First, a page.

Through daily prayers and reading and reflecting on passages from the Qur’an, our devotional life is renewed and deepened. It was in this month that while fasting and praying the Prophet Muhammad received the first revelation that became the Qur’an. Both fasting and prayer are a means to open one’s heart to the ability to hear the holy words of God and allow them to shape how we live our lives individually and in the community. Identifying with the larger worldwide Muslim community, called the Ummah, strengthens our faith and the values of goodness, moral life, and a deeper sense of the Divine in our lives and in the world.
Zakat is the word for almsgiving. The sharing of the breaking of the fast, or Iftar, with friends and family every evening is community building as well as an offering of help to those in need. Dr. Muzammil H. Siddiqi summarizes the moral and spiritual gifts of Ramadan as “Taqwa, the sum total of Islamic life. It is the highest of all virtues in the Islamic scheme of things. It means God-consciousness, piety, fear and awe of Allah and total commitment to all that is good and rejection of all that is evil and bad.”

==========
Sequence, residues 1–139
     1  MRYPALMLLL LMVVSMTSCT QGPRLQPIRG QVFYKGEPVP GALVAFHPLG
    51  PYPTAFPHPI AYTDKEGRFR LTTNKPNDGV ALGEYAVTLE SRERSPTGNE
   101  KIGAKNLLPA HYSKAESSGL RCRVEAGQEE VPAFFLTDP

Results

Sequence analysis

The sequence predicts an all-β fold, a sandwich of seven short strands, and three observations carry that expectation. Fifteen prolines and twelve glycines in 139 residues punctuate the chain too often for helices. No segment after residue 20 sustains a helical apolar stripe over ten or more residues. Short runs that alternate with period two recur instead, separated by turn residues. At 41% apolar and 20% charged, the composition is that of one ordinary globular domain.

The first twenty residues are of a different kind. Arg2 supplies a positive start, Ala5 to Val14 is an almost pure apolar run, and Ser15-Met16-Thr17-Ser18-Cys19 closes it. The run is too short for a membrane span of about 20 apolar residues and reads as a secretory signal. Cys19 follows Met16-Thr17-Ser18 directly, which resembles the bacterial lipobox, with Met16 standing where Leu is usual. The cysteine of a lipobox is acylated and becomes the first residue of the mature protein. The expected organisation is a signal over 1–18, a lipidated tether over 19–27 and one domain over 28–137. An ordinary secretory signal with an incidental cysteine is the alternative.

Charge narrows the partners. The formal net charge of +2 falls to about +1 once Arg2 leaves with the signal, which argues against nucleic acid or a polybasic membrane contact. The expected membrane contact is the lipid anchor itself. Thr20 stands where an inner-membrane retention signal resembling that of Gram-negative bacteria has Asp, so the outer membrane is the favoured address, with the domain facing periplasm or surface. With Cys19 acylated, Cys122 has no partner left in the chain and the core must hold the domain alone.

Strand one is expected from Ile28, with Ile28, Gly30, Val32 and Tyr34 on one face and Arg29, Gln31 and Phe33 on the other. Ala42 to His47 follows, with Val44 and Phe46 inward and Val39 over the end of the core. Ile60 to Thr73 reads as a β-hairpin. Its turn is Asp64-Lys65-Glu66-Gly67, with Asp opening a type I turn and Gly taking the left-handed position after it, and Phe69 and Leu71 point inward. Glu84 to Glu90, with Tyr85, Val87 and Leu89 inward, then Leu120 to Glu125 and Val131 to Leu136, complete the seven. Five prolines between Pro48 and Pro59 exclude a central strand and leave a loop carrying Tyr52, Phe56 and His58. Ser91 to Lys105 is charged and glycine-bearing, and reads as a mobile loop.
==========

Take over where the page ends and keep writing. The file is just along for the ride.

Ramadan is not only a time for fasting and struggle but is also a time of thanksgiving to the Creator and Sustainer of the universe for the gift of life, and all of creation.
The lessons of Lent have led Christians into this Holy Week to experience the dramatic events that have taught thousands of years of Christians about how power structures are threatened by the prophetic voices calling for transformation, social justice, all-inclusive love, and equity and have sacrificed their lives that others may live. By fully experiencing this Holy Week, and by our Muslim friends fully experiencing this month of Ramadan, both faith communities will also learn that Divine Love always has the last word.
Fasting in Ramadan: Lessons & Moralities by Dr. Muzammil H. Siddiqi Islamonline.net
For all past letters to the Badaliya and Peace Islands See www.dcbuck.com